The Economist's Guide to Crime Busting
The old divide between hard and soft strategies is breaking down under a wave of new thinking about how to control crime.
What is the more cost-effective way to control crime? Is it to focus on making crime unattractive by threatening offenders with long prison terms? Or to make the law-abiding life more attractive by providing better education and job opportunities? It’s an old debate. The federal crime commissions of the 1960s emphasized crime’s links with poverty and racism, and President Lyndon B. Johnson’s Great Society programs were central to his war on crime. But ultimately the “hawks” won the debate about how to wage that war, as they did later in helping to launch President Richard M. Nixon’s war on drugs. The result has been plain to see, with the rate of imprisonment surging to unprecedented heights.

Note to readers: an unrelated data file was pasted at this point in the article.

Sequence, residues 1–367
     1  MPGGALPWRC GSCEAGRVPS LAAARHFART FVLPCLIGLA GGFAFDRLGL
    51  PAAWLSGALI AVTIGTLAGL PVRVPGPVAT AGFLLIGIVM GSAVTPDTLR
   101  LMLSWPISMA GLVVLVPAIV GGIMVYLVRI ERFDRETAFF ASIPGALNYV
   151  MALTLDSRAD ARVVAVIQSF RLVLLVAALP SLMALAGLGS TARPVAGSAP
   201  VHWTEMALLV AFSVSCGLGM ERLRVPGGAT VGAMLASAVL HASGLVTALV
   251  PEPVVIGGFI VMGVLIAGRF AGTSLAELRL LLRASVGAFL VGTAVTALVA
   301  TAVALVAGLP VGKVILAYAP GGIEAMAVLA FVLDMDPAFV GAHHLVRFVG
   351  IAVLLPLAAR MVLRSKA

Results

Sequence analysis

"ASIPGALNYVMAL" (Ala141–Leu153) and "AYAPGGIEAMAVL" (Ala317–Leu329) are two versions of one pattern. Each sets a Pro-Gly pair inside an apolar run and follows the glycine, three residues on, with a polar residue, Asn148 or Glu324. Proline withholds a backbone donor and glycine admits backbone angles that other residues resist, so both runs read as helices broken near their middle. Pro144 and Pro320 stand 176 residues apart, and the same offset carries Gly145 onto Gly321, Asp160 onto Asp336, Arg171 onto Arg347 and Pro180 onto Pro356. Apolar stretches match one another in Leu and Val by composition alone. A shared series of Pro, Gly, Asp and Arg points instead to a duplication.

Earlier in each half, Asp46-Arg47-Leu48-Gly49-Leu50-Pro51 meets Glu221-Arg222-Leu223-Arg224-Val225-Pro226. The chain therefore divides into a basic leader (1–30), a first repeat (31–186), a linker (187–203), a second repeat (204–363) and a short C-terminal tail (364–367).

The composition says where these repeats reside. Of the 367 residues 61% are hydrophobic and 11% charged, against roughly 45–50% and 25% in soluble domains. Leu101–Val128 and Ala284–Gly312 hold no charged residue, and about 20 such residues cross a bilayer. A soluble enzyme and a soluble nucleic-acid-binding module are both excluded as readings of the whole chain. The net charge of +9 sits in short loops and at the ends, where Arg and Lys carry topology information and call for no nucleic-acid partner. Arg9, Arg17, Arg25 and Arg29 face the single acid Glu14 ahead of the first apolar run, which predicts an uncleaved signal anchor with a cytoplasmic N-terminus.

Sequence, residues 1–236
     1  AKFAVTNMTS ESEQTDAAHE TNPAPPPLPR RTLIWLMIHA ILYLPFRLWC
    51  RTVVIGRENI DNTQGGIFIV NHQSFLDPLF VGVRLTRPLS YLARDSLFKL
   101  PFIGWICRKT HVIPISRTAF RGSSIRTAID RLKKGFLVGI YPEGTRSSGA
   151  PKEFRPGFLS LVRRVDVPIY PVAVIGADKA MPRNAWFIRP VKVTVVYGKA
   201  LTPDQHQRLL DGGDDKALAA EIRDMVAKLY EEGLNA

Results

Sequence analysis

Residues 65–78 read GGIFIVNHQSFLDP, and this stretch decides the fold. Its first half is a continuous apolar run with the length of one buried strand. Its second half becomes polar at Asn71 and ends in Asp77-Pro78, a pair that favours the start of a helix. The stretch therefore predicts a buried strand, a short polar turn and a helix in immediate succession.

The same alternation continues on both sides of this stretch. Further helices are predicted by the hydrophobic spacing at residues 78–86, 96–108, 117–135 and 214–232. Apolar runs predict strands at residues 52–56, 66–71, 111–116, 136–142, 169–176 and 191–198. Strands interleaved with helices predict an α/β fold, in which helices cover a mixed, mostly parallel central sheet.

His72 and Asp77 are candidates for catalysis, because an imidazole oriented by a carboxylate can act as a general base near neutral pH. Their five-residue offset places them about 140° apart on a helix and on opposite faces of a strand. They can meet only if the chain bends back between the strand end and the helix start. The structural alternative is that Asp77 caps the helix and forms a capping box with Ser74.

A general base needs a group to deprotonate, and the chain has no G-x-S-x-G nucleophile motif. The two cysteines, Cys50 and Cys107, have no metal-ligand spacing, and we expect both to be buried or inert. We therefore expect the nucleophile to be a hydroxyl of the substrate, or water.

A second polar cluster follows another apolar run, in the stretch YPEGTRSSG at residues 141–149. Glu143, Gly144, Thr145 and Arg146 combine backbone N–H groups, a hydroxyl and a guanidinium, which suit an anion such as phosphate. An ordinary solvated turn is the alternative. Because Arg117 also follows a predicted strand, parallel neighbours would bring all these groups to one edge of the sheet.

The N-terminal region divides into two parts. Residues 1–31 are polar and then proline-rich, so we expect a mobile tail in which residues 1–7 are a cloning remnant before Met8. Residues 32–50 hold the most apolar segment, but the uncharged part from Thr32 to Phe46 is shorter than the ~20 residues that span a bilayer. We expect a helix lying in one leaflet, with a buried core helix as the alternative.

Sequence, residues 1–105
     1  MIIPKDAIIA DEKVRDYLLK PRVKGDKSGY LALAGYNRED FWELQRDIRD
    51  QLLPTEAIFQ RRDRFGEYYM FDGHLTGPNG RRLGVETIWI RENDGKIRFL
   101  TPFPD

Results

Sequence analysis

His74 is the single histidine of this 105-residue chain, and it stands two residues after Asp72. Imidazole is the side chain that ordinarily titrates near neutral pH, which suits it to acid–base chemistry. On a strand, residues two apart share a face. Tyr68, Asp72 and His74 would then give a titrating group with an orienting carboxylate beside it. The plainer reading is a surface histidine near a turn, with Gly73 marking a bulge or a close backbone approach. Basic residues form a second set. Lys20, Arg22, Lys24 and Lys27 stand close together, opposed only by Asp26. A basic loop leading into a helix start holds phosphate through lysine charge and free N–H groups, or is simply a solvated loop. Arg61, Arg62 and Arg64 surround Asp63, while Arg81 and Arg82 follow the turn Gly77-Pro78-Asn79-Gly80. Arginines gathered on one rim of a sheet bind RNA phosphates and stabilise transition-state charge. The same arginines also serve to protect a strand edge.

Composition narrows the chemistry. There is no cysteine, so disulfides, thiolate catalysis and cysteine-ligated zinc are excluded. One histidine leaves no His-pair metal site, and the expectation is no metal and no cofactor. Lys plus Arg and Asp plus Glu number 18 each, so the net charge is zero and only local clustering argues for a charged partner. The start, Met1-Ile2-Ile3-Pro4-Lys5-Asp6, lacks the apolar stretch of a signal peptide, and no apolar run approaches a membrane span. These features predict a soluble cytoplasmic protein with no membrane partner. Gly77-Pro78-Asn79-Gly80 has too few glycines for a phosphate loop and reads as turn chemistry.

Now the debate has been reopened. It is not so much that the public views mass incarceration, with its disproportionately high levels of imprisonment for blacks and Hispanics, as immoral or racist. Rather, the dreary fact is that, in the face of gaping budget deficits, the states can no longer afford to support huge prison populations. It seems like a good time for the economists to weigh in, in part because their perspective provides a way to get past the stale debates over whether to adopt “tough” or “soft” solutions.
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Philip J. Cook is the ITT/Terry Sanford Professor of Public Policy at Duke University. Jens Ludwig is the McCormick Foundation Professor of Social Service Administration, Law, and Public Policy at the University of Chicago. They are coeditors with Justin McCrary of the forthcoming book Controlling Crime: Strategies and Tradeoffs.more from this author >>